Poland

 

General

       The first sizable groups of Jews settled in the region of Silesia in the 12th century.  By the end of the 15th century, there were more than 60 Jewish communities and a population estimated at between 20,000 and 30,000 in the Poland-Lithuania area (by 1569 the union between Poland and Lithuania had been formalized).  Although Jews, at first, were permitted to engage only in money lending activities, they developed a variety of occupations, particularly trading activities.

       The Jewish population grew significantly during the period of the colonization of the Ukraine (1569-1648).  During this period, over 100 Jewish communities were established in the Ukraine, with an aggregate population in excess of 50,000.  As a result of improving conditions and immigration from abroad due to persecutions, Jewish population up to 1650 grew quite substantially, particularly in the eastern and south-eastern areas of Poland-Lithuania.  From about 100,000 persons in in 1578, the Jewish population grew to about 300,000 in 1648.  During this period, Jewish cultural life flourished along with the economic and demographic growth.  

       The situation of the Jews changed dramatically with the massacres of 1648-49, the Cossack revolt and the subsequent invasion of Poland and resulting wars.  Notwithstanding the worsening conditions, the Jewish population in Poland-Lithuania grew in both absolute and relative strength.  As of 1764, the Jewish population was about 750,000, with about 549,000 in Poland and 201,000 in Lithuania.

       In 1772, 1793 and 1795, the country was divided among its large neighbors, Russia, Prussia and Austria.  Basically, this situation prevailed until the end of World War I.  During the 1800's, the Jewish population in the Kingdom of Poland grew substantially despite large scale emigration to the West, primarily the United States.  This growth is exemplified by the the following tables from the Encyclopedia Judaica detailing the growth of the Jewish population in Warsaw and Lodz.

Growth of Warsaw Jewry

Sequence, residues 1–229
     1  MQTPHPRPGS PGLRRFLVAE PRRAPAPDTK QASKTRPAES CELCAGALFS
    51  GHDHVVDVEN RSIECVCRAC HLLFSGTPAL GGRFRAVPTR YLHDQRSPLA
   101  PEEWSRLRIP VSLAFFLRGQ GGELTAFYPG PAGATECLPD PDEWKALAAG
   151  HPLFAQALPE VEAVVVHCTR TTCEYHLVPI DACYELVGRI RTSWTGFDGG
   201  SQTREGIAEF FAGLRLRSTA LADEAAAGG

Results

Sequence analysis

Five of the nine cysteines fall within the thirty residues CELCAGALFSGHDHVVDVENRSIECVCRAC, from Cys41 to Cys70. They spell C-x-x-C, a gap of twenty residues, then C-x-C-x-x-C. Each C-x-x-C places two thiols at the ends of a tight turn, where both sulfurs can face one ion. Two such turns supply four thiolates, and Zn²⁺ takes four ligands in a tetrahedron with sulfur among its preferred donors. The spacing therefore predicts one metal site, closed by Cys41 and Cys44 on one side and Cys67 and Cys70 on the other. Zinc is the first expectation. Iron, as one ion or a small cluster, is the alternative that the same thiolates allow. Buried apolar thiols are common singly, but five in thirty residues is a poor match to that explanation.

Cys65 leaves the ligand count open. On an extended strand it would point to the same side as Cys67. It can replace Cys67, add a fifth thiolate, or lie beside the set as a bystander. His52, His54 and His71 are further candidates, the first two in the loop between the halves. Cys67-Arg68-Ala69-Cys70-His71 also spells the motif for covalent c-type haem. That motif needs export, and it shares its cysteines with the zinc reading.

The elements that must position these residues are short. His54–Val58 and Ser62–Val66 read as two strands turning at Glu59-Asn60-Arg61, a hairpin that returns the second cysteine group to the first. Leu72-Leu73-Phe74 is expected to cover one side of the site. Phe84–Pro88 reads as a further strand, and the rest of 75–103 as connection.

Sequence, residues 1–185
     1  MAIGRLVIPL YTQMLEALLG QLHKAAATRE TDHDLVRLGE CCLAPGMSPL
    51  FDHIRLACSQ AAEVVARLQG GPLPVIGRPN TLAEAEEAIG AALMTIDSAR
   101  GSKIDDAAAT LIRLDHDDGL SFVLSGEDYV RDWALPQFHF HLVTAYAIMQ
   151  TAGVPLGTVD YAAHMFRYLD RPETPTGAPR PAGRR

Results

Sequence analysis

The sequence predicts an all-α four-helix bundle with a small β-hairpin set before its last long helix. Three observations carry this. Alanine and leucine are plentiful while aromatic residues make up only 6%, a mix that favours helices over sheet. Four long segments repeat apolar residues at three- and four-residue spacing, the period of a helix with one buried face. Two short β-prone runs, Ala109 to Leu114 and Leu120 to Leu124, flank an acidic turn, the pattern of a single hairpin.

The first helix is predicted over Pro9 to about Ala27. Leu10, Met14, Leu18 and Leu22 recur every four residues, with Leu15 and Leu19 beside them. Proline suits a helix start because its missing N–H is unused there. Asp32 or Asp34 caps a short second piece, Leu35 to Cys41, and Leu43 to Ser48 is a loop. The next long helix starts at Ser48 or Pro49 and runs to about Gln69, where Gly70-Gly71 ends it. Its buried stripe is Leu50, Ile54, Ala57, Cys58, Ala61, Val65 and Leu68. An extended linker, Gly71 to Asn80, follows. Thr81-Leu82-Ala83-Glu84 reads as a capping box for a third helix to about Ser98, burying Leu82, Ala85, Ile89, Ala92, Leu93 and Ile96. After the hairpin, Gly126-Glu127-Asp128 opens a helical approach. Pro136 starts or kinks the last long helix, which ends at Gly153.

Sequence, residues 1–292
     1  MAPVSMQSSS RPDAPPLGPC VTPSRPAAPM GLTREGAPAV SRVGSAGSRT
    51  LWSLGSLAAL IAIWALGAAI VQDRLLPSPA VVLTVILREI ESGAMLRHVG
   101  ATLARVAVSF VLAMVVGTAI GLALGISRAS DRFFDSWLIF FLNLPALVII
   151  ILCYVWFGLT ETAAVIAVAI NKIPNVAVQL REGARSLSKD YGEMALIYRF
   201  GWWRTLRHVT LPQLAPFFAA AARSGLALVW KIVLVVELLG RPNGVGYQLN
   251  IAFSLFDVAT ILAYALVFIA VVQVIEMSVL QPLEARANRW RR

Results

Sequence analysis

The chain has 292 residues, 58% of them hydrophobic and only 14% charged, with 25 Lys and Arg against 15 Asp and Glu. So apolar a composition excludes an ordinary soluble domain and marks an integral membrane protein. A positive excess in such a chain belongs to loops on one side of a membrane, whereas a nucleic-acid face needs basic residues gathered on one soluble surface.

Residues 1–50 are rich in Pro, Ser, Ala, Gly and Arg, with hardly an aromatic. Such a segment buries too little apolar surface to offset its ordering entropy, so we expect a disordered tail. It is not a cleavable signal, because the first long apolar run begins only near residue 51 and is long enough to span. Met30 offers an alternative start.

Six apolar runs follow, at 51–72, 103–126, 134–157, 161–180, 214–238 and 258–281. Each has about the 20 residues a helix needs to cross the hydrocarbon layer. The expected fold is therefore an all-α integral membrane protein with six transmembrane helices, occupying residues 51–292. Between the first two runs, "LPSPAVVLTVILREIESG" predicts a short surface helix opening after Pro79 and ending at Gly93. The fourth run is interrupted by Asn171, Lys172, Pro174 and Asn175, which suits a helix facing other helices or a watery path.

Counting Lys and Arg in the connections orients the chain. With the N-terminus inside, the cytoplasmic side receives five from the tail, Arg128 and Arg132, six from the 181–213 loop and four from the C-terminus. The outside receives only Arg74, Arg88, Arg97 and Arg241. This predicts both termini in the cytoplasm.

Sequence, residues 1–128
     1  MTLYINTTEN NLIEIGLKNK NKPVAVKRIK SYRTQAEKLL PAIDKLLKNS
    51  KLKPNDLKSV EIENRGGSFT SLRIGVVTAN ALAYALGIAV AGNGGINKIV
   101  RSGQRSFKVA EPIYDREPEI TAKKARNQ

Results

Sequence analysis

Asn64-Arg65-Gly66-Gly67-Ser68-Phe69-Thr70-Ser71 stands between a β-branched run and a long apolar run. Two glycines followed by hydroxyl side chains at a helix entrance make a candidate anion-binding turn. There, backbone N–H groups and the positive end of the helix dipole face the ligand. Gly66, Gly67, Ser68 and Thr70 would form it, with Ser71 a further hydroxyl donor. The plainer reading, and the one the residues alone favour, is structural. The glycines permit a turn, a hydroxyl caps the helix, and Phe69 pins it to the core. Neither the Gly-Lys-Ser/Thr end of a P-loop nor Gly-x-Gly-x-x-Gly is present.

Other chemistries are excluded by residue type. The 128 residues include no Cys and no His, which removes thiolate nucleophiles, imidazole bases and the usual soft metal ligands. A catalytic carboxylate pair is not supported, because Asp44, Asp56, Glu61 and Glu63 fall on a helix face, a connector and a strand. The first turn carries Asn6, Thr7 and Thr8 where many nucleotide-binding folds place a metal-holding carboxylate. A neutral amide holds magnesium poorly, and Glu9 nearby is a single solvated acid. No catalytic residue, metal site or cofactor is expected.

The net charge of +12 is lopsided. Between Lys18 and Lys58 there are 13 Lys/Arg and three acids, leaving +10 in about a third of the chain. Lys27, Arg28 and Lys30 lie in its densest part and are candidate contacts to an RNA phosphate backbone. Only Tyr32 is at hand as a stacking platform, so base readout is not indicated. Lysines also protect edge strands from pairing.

Year

# of Jews

Percentage

1781

3,532

4.5  

1810

14,061

18.1

1856

44,149

24.3

1882

127,917

33.4

1897

219,141

33.9

 

Growth of Lodz Jewry

Year

# of Jews

Percentage  

1793

11

5.7

1856

2,775

12.2

1897

98,667

31.8

1910

166,628

40.7

       As a result of the collapse of the three partitioning powers after World War I, Poland was reconstituted as a sovereign state.  During the period between wars, the relative Jewish population in the cities decreased due to a variety of factors, including a significant decrease in the Jewish birth rate in the cities.  The following table from the Encyclopedia Judaica shows the decrease in the percentage of the Jews in the cities of Poland during the period between the two World Wars.

City

Percentage of Jews

1921

Percentage of Jews

1931

Warsaw

33.1

30.1

Lvov

35.0

31.9

Vilna

36.1

28.2

Bialystok

51.6

43.0

Grodno

53.9

42.6

Brest-Litovsk

53.1

44.3

Pinsk

74.7

63.4

       At the start of World War II, the Jewish population of Poland was about 3.3 million.  Of this number, about 2.1 million came under Nazi rule and the balance under Soviet occupation as a a result of the Hitler-Stalin pact.  The destruction of Polish Jewry is well documented and beyond the scope of this presentation.  Suffice it to say that at the end of the war, only 380,000 Jews of Poland had survived.  This figure includes all the survivors among the Jews who were living in Poland at the start of the war and represents less than 12 of the Jews of Poland, including the 7 who ere saved within the Soviet Union.

       As of June, 1946, there were about 240,000 Jews registered in Poland.  Pogroms continued in Poland with the most violent being the murder of 42 Jews, including women and children, in Kielce.  This activities, combined with the natural reluctance of the survivors to continue life in Poland, led to a flight of  Jews from Poland.  By the end of 1947, only 80,000 to 100,000 Jews were left in the country.  Anti-Semitism never ceased and reached new heights after the Six-Day War in 1967.  Most of the remaining Jews elected to emigrate at this point.  The Jewish population is now estimated at about 8,000, mostly in Warsaw.

 

Communities

                               Cracow

                               Czestochowa

                               Gdansk (Danzig)

                               Glogau

                               Inowroclaw

                               Katowice

                               Lodz

                               Myslowice

                               Opole (Oppein)

                               Poznan

                               Rzeszow

                               Tarnow

                               Warsaw

                               Wieruszow

                               Wroclaw (Breslau)

References

Encyclopedia Judaica, CD-Rom Edition, Keter Publishing

Gutman, Encyclopedia of the Holocaust, P. 1143-76

Copyright 1998-2005 Edward Victor